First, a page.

The Man Who Mistook His Wife for a Hat and Other Clinical Tales - Oliver Sacks

The Man Who Mistook His Wife for a Hat and Other Clinical Tales

By Oliver Sacks

  • Release Date - Published: 1998-04-02
  • Book Genre: Psychology
  • Author: Oliver Sacks
Our rating: 5/5 stars

3.5 Score: 3.5 (From 7 Ratings)

The Man Who Mistook His Wife for a Hat and Other Clinical Tales Oliver Sacks read online review & book description:

In his most extraordinary book, "one of the great clinical writers of the twentieth century" (The New York Times) recounts the case histories of patients lost in the bizarre, apparently inescapable world of neurological disorders. Oliver Sacks's The Man Who Mistook His Wife for a Hat tells the stories of individuals afflicted with fantastic perceptual and intellectual aberrations: patients who have lost their memories and with them the greater part of their pasts; who are no longer able to recognize people and common objects; who are stricken with violent tics and grimaces or who shout involuntary obscenities; whose limbs have become alien; who have been dismissed as retarded yet are gifted with uncanny artistic or mathematical talents.

If inconceivably strange, these brilliant tales remain, in Dr. Sacks's splendid and sympathetic telling, deeply human. They are studies of life struggling against incredible adversity, and they enable us to enter the world of the neurologically impaired, to imagine with our hearts what it must be to live and feel as they do. A great healer, Sacks never loses sight of medicine's ultimate responsibility: "the suffering, afflicted, fighting human subject."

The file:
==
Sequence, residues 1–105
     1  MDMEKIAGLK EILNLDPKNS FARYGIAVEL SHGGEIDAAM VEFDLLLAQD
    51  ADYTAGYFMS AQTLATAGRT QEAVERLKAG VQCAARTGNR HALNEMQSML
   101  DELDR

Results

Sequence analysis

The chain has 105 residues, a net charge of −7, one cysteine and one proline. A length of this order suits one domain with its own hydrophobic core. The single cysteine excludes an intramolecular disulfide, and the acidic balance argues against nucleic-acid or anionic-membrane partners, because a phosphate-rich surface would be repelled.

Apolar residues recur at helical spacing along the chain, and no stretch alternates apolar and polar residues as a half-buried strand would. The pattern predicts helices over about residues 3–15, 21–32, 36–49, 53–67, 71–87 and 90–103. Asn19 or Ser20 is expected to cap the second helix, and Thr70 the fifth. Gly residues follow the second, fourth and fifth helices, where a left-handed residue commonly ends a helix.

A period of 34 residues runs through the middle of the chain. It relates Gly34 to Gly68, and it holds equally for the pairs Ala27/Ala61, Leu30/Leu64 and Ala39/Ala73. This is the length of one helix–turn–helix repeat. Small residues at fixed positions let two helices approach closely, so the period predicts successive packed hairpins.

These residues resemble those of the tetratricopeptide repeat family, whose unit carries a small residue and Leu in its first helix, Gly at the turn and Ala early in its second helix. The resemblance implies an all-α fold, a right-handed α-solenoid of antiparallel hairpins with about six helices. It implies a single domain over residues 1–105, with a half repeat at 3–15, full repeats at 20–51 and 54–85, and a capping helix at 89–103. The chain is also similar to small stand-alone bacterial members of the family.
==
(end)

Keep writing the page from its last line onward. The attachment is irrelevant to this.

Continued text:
The Man Who Mistook His Wife for a Hat and Other Clinical Tales book review The Man Who Mistook His Wife for a Hat and Other Clinical Tales ePUB; Oliver Sacks; Psychology books.

Posted Reviews

  • Good book but problems

    2
    By Beogradska
    Interesting to read, but the quality of the downloaded e-book was appalling. A five year old could have done a better job of editing. There were many jumbled chapters with out of position paragraphs making it nearly impossible to follow. There were hyphens in mid-word as if another edition had been copied with no considerations to a different format. Many such errors really ruined what should have been a great reading experience.

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